Friday, February 10, 2012

Cape Town, South Africa: Day 6

We're alive! We're alive!

First, I need to grovel, apple-polish, beg for mercy, bootlick, cowtow, truckle, and make it all up to you. This disclaimer is intended to solicit your forgiveness for my lack of a blog post yesterday.

Apparently, we had some readers who were waiting with bated breath as I skipped my late-night writing session to melt into the sheets after a long, hard day of work.

Actually, we've been leading people to Jesus, so maybe you'll accept that excuse. If not, then hopefully the following will make up for it.

Today, we spent the morning in the Masiphumelele township at the Baptist church started by Living Hope in that area.

After shutting down at 12:30 p.m., we went to Living Care to fit several patients for glasses and pray for others. Our Brentwood Baptist missionary, Amy Helms, is a nurse there (or "Sister Amy," as everyone calls her, which is derived from the Catholic days when only nuns were nurses). She gave us a world-class tour of the health center.

While we were there, our sweet Julie fitted a precious 88-year-old soul named Mary for glasses. It was a had-to-be-there moment. She'd previously been telling the nurses she couldn't read her Bible anymore and wished she could afford a pair of glasses. In only a way that God could do, we showed up at the right time.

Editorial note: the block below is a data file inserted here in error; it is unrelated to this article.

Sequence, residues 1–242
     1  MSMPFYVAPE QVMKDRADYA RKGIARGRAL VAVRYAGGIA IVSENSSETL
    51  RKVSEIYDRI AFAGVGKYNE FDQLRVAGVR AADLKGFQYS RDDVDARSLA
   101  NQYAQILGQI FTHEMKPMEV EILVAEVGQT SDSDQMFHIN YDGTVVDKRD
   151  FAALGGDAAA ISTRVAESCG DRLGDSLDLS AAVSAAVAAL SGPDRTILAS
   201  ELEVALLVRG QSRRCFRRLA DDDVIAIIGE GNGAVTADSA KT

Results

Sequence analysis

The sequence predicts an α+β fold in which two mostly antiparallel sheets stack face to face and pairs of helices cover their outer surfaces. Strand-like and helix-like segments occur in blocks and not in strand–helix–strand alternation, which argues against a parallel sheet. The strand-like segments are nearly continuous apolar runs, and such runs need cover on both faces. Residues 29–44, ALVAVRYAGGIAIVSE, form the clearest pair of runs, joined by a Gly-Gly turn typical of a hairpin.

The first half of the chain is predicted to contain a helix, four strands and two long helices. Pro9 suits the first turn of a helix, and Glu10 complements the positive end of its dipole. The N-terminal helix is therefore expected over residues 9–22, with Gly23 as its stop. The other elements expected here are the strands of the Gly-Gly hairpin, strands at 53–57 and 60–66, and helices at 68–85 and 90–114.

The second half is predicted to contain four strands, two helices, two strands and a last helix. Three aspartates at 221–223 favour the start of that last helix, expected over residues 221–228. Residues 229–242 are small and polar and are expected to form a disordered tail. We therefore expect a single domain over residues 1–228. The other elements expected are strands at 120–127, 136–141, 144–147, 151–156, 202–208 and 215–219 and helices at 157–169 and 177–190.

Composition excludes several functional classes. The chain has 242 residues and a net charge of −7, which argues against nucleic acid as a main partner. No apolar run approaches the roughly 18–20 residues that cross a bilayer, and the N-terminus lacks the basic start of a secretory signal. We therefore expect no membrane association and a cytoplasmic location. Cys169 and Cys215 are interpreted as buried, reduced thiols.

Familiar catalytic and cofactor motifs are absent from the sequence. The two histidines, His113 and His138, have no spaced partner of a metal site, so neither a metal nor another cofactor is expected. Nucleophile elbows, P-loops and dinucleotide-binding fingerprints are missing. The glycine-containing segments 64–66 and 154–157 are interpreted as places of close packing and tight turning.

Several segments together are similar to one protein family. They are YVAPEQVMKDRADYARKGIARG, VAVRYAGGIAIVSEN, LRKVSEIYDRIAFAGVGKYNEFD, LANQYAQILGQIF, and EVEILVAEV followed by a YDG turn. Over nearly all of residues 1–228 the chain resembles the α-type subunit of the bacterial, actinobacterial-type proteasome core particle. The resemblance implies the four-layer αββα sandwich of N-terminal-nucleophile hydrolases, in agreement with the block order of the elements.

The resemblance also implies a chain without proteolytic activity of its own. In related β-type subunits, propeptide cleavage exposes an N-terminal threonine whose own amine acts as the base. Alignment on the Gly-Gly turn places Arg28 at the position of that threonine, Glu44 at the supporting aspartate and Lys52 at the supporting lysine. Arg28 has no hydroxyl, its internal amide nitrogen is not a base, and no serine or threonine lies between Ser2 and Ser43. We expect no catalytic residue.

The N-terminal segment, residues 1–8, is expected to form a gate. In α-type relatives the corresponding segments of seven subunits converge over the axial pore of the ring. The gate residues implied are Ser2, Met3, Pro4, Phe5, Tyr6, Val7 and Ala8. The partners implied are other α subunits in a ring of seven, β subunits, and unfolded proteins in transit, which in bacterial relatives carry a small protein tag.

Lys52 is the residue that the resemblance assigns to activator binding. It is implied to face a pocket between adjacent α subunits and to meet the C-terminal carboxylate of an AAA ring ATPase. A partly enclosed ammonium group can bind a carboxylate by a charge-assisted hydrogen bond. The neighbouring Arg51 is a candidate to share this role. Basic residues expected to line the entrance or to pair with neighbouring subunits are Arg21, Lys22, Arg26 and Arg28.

Finally, when Julie found the right fit and prescription for Mary, she opened her Afrikaans Bible to the 23rd Psalm and began weeping as she read aloud. Then, as could only be expected, the three of us from the team who were gathered around her bed joined her.

After a quick lunch and change of clothes, our team went to visit the Cape of Good Hope. And I'm so glad we did. If you're ever looking for a place to stand, slack-jawed, in complete astonishment at the wonder of who God is and how big He is, this is your place.

And after a week of wishing and hoping along the way, we finally caught sight of a harmless ostrich and our first set of baboons—with all the windows closed and the doors locked (especially after what happened last year). NOTE: See George West for the retelling of that story.

Stick a fork in it. We're done for the week.

We saw 614 patients, gave away 613 pairs of glasses and sunglasses, washed 337 sets of feet (or 674 individuals foots), and did 100 glucose testings.

Tomorrow is sight-seeing and then we head home. Thank you for your prayers this week. They carried us through.


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